Mauricio (Argentina)

photo credits: Michelle A. Soper Maure

Mauricio is a car and motorbike aficionado. He currently lives in Chicago, USA
Mauricio, what would be the car of your dreams?

An Enzo Ferrari or a Ford Mustang GT.

How old were you when you learnt to drive and what car did you practice driving with?

The first time I drove I was eleven years old. My friend Diego Garcia stole his dad’s ‘78 C10 Chevrolet and he took me out to drive in it. I started driving on my own when I was 15 years old, and even when I was old enough to get my license when I was 18 I kept driving without one. I got so many fines for driving without a license. In the end, I got my license but I never paid my fines because I moved to Spain and by the time I went back to Argentina the fines had expired!

Can you tell us about one of your most memorable adventures on wheels?

When my wife and I decided to move to the States, we also decided to take our two puppies. They had to take a flight from Buenos Aires, so we borrowed a pickup with a closed bed and drove 12 hours straight from Mendoza to Buenos Aires. It was a very interesting trip, taking out the dogs at the gas stations and making sure they were safe in the back with all our luggage. They slept most of the trip, or so we think. We couldn’t see into the back of the truck, but we couldn’t hear them and they didn’t destroy the luggage, so we assume they slept. When we were about halfway there, I looked in the rearview mirror and saw a big white head looking out the back of the pickup! They had unzipped the back and who knows how long they had been watching the scenery as we drove.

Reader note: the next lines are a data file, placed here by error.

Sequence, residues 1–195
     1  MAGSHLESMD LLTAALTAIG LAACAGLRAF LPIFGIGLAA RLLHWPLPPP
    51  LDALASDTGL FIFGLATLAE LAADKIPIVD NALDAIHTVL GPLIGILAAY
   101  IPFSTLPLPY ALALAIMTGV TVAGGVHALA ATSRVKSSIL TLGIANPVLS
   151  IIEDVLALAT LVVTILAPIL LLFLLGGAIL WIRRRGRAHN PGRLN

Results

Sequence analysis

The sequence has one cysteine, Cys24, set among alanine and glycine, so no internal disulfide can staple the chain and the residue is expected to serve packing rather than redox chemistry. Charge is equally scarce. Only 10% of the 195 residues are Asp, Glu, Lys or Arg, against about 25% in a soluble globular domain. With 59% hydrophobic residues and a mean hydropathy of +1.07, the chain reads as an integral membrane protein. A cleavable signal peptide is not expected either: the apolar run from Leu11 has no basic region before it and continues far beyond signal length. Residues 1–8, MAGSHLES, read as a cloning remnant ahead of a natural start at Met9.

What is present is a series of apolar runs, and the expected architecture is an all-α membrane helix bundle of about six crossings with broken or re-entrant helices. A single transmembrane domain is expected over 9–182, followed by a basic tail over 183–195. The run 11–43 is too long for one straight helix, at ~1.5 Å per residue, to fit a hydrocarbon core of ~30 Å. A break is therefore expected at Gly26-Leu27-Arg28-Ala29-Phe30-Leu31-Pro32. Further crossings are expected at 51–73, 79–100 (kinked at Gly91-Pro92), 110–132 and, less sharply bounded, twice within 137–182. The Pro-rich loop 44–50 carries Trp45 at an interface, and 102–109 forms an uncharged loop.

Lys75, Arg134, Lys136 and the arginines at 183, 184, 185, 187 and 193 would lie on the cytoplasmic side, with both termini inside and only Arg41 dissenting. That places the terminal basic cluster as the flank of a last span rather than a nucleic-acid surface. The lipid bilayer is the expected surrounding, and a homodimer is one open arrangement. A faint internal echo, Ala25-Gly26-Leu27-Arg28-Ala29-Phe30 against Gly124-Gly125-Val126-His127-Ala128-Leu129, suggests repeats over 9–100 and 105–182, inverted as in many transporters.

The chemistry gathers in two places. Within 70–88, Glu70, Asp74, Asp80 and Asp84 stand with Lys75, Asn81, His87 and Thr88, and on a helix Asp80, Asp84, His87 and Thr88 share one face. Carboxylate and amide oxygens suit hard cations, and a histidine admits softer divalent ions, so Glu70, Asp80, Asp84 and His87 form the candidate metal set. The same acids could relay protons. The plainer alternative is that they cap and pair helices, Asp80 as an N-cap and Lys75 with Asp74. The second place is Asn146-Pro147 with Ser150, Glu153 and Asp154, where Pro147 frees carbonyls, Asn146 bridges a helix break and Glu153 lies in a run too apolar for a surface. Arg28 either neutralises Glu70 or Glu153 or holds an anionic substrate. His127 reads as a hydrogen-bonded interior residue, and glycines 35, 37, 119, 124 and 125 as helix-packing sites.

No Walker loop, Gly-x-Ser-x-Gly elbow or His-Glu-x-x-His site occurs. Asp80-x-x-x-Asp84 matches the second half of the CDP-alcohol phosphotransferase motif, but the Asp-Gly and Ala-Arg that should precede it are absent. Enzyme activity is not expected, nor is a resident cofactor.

photo credits: Michelle A. Soper Maure

Do you enjoy going to vehicle fairs? Which ones did you particularly like?

Of course I like going to car shows. It’s interesting being able to see cars you normally wouldn’t see, cars with interesting details and designs. You can also meet people who have similar interests. I especially like going to shows with old cars, from the 50s through the 70s. Mustang shows are also my favorites.

You have lived in three very different countries, on three continents: do you feel people have different relationships with their cars in Spain, Argentina and the United States?

In Argentina, cars are a necessity. I come from a small agricultural town. Most people have pickups- white with tinted windows in order to reflect the strong sun. There is a lot of distance between everything, and people need cars to get around. You can also see a lot of much older cars because the laws about pollution aren’t as strict. In Spain, in the city where I lived, people didn’t use their cars on a daily basis because they could get around on the public transport and on their own two feet. People tended to have small cars in order to park on the narrow, crowded streets. In the United States, it’s the exact opposite. Everyone has cars, and all the cars are huge. Most of the cars run on gas, while in Argentina the cars use diesel or GNC. Here it’s so cold in the winter that diesel would freeze. Cars are not a luxury here. They are much more affordable and more people have them. Gas is also much cheaper in the States compared to in Spain and Argentina. I think that the cars are a good reflection of the economy and the way of life in each place where I have lived.


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